Wednesday, April 9, 2008
Before & After
Above is the cover of a 1947 issue of The Bulletin of the Palestinian Problemists' Association. Below is a problem (a mate in three by Y. Ashkenazi) from the same issue. The text was typewritten, but the diagrams and cover were drawn by hand. Apparently, the entire "print run" was a few mimeographed copies--making the early issues of the Bulletin, essentially, manuscripts.
Out of the blue, later that year, the Bulletin went through a face-lift. It began to be published, not in Tel Aviv, Palestine, but in Whitburn, Scotland. It was not longer hand-written and mimeographed, but printed with a real printing press.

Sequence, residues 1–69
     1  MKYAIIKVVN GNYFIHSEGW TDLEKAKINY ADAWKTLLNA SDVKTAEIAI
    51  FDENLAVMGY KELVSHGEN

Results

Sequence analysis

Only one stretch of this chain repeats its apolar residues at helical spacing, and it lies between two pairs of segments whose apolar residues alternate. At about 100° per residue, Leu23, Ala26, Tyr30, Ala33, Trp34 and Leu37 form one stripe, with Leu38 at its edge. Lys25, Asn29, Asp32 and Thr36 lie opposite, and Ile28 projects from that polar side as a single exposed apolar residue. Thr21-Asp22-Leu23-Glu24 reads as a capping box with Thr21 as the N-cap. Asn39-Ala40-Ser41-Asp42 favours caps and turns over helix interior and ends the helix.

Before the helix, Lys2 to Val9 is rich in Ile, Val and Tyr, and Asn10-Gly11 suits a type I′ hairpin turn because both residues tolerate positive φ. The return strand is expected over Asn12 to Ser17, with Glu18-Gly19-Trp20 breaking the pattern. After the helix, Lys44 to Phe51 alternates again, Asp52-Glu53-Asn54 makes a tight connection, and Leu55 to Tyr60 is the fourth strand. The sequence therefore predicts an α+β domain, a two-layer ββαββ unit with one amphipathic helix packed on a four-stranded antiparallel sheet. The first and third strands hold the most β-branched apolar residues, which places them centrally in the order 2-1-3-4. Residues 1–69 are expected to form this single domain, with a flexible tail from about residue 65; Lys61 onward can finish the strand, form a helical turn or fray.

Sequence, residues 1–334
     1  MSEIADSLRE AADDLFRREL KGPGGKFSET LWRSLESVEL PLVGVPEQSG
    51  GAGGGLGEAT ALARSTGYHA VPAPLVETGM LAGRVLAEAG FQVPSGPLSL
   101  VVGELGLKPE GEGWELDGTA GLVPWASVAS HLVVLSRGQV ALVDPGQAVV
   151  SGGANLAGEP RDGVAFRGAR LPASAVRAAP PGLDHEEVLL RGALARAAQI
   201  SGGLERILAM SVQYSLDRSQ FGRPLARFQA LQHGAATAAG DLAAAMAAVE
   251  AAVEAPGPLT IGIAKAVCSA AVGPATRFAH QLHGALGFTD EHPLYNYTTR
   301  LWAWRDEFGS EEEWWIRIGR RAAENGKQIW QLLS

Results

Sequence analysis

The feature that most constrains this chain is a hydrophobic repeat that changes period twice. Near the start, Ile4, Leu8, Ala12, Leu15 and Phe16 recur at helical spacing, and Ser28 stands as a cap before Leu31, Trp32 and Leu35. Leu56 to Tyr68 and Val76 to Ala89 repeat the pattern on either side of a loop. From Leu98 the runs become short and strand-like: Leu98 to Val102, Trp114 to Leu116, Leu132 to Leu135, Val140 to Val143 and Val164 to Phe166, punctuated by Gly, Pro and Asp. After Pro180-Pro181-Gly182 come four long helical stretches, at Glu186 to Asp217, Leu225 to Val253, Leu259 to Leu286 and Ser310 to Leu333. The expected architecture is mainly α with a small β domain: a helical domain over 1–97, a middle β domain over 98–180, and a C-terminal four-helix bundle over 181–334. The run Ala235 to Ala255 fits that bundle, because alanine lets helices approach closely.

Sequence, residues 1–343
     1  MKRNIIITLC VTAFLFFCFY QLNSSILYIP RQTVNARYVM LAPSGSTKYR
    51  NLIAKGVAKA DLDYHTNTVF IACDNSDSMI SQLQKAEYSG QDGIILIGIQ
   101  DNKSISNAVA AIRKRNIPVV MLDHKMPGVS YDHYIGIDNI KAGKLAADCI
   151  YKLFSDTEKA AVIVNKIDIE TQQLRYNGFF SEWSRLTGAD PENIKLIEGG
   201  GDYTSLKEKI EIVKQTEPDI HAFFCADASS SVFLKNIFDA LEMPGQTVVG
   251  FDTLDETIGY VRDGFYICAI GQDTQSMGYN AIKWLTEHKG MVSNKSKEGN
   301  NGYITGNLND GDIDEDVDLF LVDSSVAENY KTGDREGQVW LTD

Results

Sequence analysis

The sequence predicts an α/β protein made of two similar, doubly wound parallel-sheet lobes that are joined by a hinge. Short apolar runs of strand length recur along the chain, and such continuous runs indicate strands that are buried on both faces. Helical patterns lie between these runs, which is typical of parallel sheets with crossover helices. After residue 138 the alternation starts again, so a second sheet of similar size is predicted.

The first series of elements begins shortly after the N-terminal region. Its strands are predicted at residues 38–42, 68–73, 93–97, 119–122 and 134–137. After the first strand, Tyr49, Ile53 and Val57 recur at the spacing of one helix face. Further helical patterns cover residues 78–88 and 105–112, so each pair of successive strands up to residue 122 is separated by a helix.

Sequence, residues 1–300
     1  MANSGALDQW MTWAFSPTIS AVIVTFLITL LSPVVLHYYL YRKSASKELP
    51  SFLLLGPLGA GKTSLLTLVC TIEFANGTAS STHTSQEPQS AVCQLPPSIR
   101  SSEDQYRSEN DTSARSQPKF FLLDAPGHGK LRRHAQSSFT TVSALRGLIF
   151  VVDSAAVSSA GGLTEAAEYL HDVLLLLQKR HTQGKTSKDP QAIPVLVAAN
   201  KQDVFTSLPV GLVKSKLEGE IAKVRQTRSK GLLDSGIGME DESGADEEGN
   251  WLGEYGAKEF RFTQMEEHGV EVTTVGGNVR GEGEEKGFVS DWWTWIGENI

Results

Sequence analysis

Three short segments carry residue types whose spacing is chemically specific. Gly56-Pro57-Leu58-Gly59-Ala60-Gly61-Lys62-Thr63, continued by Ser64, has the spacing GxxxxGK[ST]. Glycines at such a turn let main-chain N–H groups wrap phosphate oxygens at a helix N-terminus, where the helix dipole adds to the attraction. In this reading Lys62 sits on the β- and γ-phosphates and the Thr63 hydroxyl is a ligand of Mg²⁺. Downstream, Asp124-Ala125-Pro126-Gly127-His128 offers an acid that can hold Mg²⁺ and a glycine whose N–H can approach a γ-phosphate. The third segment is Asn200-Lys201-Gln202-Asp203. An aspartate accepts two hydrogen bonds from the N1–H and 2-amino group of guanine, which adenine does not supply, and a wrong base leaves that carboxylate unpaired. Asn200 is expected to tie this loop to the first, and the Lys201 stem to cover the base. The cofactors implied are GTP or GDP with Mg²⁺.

What caused this extreme change in printing location and quality? And why would a Scot be interested in printing the Palestinian Problemists' Association's bulletin? Simple: a Scottish Jew had agreed to let them use the printing press he owned. I guess we now know why Scots and Jews are such misers: they're saving all their money to publish chess problems.